From Capetown to Catonsville
South Africa is facing daily power outages, which is halting its economic growth.
But after three weeks of chronic failures —after regularly irregular vexations with lifeless computers, stove tops and stoplights — public forbearance has given way to outrage. This nation, long a reliable repository of cheap, plentiful electricity, finds itself pitifully short of juice.
The government has confessed to an “electricity emergency” and has begun a program of rationing for industrial users. This is a mortifying turn for a country that considers itself the powerhouse of Africa and resists comparisons to its underdeveloped, famine-plagued neighbors.
But electricity shortages, now expected to be a fact of life for the next five years, are more than an embarrassment. They threaten continued strong growth here in a nation that accounts for a third of sub-Saharan Africa’s economic output and ranks among the world’s top 25 countries in gross domestic product.
Because South Africa is an engine of growth for the region, a slowdown here would also affect its neighbors, undermining global efforts to reduce poverty and damaging South Africa’s own drive to slash its woeful unemployment rate of 25.5 percent.
One of this nation’s largest employers, the mining industry, virtually halted production for four days last week because Eskom, the dominant, government-controlled utility, could not guarantee enough power to ventilate and cool the deep underground shafts. Companies that mine gold and platinum restarted production only on Tuesday after emergency negotiations with Eskom, South Africa’s Chamber of Mines said.
“The shutdown of the mining industry is an extraordinary, unprecedented event,” said Anton Eberhard, a business school professor at the University of Cape Town and an energy expert. “That’s a powerful message, massively damaging to South Africa’s reputation for new investment. Our country was built on the mines.”
And how did this happen?
The current crisis stems from Eskom’s lack of capacity to generate enough power, and its inability to keep many of its plants working.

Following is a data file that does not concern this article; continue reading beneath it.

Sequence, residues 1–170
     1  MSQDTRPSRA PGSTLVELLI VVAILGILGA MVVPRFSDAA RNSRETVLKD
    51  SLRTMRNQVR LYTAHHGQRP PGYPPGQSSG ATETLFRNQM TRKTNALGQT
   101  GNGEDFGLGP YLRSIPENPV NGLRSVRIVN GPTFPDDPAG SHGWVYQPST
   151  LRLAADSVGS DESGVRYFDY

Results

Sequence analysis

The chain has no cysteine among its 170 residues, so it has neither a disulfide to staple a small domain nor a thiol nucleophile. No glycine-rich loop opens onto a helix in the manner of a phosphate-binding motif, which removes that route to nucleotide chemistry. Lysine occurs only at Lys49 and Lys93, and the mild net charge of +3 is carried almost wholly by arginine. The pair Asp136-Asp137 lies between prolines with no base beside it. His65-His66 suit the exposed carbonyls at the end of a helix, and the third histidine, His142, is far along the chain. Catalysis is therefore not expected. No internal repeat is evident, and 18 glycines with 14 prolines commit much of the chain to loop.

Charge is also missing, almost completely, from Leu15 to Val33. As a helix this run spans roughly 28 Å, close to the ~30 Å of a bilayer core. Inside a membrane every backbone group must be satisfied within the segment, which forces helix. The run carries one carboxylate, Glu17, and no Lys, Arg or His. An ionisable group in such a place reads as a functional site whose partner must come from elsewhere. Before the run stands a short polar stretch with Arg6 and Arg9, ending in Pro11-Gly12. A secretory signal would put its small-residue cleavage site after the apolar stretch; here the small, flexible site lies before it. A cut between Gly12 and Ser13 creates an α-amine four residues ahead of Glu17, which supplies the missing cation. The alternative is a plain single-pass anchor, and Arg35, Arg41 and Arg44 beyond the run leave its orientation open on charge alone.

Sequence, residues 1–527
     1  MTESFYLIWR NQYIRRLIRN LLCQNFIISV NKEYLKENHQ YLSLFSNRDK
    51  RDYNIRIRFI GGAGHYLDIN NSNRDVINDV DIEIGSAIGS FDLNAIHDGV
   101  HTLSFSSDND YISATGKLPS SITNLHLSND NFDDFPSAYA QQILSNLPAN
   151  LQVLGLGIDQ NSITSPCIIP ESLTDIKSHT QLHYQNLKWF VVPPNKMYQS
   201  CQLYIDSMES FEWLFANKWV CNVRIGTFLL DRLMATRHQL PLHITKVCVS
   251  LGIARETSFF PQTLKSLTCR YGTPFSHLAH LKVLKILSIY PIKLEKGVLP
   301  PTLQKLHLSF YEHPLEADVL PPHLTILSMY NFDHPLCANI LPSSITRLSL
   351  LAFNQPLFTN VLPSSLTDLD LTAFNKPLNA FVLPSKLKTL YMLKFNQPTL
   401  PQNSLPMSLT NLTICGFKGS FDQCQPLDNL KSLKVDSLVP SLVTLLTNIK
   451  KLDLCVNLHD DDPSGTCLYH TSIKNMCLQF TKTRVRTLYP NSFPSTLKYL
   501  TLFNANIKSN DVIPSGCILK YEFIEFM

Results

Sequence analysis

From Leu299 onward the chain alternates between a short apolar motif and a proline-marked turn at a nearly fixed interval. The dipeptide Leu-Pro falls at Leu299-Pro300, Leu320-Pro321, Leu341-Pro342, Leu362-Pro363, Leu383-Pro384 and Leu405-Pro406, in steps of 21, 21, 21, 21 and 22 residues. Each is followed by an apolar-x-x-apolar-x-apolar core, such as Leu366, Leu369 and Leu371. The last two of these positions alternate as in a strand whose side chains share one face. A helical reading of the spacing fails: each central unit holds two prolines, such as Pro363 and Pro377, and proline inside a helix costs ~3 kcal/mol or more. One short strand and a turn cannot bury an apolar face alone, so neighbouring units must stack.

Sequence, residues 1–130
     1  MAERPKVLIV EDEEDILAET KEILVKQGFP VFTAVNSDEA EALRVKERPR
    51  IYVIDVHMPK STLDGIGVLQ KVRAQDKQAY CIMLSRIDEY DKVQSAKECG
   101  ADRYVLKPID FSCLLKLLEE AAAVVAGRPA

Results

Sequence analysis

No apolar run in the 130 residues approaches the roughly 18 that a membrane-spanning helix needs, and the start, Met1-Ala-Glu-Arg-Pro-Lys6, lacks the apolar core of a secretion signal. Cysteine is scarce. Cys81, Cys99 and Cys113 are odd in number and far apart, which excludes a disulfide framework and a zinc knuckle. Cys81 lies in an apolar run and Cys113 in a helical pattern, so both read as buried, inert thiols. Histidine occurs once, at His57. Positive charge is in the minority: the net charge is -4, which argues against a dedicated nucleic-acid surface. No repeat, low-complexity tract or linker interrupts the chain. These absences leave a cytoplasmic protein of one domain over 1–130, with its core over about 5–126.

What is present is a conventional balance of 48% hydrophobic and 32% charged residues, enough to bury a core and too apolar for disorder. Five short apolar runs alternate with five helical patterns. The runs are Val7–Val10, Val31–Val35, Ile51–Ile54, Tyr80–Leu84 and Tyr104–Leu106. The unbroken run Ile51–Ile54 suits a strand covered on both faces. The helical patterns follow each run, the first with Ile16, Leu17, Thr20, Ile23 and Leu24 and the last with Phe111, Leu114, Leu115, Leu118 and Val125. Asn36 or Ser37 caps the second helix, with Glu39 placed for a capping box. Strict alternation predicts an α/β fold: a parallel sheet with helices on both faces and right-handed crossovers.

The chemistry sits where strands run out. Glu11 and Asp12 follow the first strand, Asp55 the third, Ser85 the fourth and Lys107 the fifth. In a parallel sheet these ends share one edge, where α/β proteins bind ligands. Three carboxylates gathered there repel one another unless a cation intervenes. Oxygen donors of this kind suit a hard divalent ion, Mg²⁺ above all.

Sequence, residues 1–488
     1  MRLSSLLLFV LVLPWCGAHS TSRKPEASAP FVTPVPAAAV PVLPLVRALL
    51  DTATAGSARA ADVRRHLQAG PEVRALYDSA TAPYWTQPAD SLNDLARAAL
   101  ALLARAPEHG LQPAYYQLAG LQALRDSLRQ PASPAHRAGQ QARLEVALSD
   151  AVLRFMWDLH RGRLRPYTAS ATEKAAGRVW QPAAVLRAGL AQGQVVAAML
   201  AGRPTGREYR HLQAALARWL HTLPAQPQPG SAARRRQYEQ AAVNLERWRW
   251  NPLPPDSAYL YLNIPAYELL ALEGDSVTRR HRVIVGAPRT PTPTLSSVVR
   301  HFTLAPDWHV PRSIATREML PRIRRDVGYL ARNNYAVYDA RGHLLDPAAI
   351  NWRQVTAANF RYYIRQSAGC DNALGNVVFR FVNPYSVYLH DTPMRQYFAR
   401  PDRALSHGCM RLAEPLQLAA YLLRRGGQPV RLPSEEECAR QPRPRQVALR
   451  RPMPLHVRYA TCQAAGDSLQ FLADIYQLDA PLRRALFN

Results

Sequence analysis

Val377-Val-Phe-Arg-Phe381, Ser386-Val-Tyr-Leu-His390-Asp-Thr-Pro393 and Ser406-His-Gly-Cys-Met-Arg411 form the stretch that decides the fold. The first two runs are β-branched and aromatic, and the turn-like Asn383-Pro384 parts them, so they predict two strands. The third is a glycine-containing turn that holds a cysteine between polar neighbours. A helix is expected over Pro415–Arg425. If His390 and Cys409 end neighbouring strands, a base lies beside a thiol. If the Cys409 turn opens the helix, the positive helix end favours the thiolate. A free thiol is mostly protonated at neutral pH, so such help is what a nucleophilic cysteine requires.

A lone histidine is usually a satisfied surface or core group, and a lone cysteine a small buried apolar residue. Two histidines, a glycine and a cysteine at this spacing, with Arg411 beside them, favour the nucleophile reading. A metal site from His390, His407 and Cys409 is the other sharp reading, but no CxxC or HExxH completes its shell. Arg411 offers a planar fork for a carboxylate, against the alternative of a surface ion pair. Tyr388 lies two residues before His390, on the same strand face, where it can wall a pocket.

The predicament was foretold. In 1998, a government report warned that at the rate the economy was growing, the nation faced serious electricity shortages by 2007 unless capacity was expanded. The government, led by President Thabo Mbeki, who assumed office in June 1999, tried unsuccessfully to induce private investors to build additional power plants. Only belatedly did it permit Eskom to begin the necessary expansion.
“The president has accepted that this government got its timing wrong,” Alec Erwin, the public enterprises minister, said last Friday at a much-anticipated news briefing that broke a mystifying public silence…
South Africans are appalled by the daily interruptions to their lives. Workers sit idle, televisions flick into darkness and silence, elevators stall between floors, gas stations cannot pump, cakes remain forever half-baked. Every intersection with disabled traffic lights becomes a four-way stop, with drivers in each direction maddeningly delayed as the endless lines of cars inch forward.
Does this sound familiar?
Future power shortages and brownouts are predicted for Maryland due to lack of supply and increasing demand. Yet the mental giants in Annapolis are proposing legislation, which will DECREASE incentives to create generating capacity, and INCREASE energy costs and bring about energy rationing.
crossposted on The Main Adversary